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    Saturday, 30 June 2018

    'Explosion' on inflatable boat claimed lives of many migrants

    The bodies of three babies were recovered and around 100 people were missing after a migrant boat sank off the coast of Libya on Friday, survivors said.
    About 120 migrants were aboard the inflatable craft when it ran into trouble in Al-Hmidiya, east of the capital Tripoli.
    Sixteen people survived, while the missing and dead included three babies and three children under the age of 12.
    Survivors told AFP the boat sank a few hours after a pre-dawn departure from Garaboulli, east of Tripoli, following an explosion on board.
    The motor then caught fire and the vessel began taking on water, they said.
    The passengers included a number of Moroccan families and Yemenis.
    Libya's coastguard claimed fishermen had spotted the vessel in difficulty and contacted the navy.
    However, charities and NGOs are reeling over European nations making deals with the LCG which has repeatedly endangered the lives of migrants, saying they should have been called on instead. 
    Spanish NGO Open Arms crew intercepted a radio transmission about 8am on Friday between European military and the Libyan coast guard giving details of a rubber boat in distress with 100 migrants onboard, head of mission Ricardo Canardo said.
    But an official distress signal was only received by boats in the region on the Navtext navigation system 90 minutes later.
    When Open Arms called the Maritime Rescue Coordination Center in Rome to offer help, officials said the Libyan coastguard had the situation covered and that no assistance was needed.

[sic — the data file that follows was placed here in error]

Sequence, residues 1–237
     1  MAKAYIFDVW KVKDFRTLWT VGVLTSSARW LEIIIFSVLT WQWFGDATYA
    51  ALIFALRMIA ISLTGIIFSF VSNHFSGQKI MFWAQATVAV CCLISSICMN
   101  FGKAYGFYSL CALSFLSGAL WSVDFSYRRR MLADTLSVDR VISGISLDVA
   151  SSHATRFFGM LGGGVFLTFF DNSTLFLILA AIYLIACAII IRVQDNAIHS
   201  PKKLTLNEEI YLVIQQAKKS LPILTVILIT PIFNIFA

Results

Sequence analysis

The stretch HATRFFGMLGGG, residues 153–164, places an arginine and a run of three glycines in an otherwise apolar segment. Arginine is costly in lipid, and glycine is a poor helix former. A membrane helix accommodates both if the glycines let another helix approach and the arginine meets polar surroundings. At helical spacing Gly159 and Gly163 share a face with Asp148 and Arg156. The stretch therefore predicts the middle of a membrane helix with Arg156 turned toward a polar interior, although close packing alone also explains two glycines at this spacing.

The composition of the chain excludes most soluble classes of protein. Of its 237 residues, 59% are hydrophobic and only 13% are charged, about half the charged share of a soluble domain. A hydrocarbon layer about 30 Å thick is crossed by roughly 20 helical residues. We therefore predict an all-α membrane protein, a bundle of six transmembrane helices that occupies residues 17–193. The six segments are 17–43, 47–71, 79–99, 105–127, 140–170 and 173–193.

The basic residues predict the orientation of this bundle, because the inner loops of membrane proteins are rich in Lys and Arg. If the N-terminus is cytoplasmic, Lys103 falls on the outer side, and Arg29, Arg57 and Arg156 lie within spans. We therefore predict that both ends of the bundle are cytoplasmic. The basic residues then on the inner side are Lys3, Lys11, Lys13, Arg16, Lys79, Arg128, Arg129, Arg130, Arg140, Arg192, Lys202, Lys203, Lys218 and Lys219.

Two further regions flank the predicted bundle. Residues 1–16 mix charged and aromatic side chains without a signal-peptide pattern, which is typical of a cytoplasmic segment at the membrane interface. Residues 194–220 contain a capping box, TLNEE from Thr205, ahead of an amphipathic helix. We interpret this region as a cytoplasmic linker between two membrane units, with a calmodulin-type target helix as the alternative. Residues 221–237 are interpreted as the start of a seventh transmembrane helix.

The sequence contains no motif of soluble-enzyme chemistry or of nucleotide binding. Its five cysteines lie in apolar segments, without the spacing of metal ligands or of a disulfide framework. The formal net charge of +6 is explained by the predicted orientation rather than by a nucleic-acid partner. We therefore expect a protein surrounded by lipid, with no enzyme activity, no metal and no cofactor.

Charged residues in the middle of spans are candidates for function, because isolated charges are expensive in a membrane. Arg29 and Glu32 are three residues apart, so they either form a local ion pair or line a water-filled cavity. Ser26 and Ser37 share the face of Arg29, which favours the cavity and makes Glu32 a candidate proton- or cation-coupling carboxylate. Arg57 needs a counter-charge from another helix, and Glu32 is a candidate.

Shortly later, they received the news that over 100 people were missing at sea in that same region.
    The NGO believes the dead, were the same people they offered assistance to. Founder of Proactiva Open Arms, Òscar Camps, 55, spoke of his ‘outrage’ at the deaths.
    Founder of Proactiva Open Arms, Òscar Camps, 55, spoke of his ‘outrage’ at the deaths.
    Proactiva has been in the Med since 2016, and has been fiercely critical of Europe’s deals with the Libyan coastguard.
    Speaking from the boat the Open Arms in the Search and Rescue Zone in the Med, he said: 'One hundred people have died in the Mediterranean today. What outrages us, is not only the loss of these people's lives, but the fact they haven't counted on the two lifeboats that have medical facilities, the Open Arms that has been here for some days.
    'On other occasions we have intervened in shipwrecks, to help recover as many as possible. Now, all of a sudden we are being omitted, they ignore us, and people keep dying.. and they are dying just miles from where we are.
    'It's an embarrassment, it's outrageous and someone should be held responsible for this.
    'We are not here to make the work of the coastguard difficult, we are here to collaborate so no more lives are lost at sea.'
    Despite Europe handing millions to Libya to stop migrants and refugees in the country taking to the water, hundreds still launch every week.
    The Government in Tripoli does not have control of the entire nation, meaning in militia-run areas migrants are still able to launch. 
    'It's outrageous' NGO Proactiva Open Arms was ready with rescue RHIB boats just miles from where the boat sank but they were not called upon 
    'It's outrageous' NGO Proactiva Open Arms was ready with rescue RHIB boats just miles from where the boat sank but they were not called upon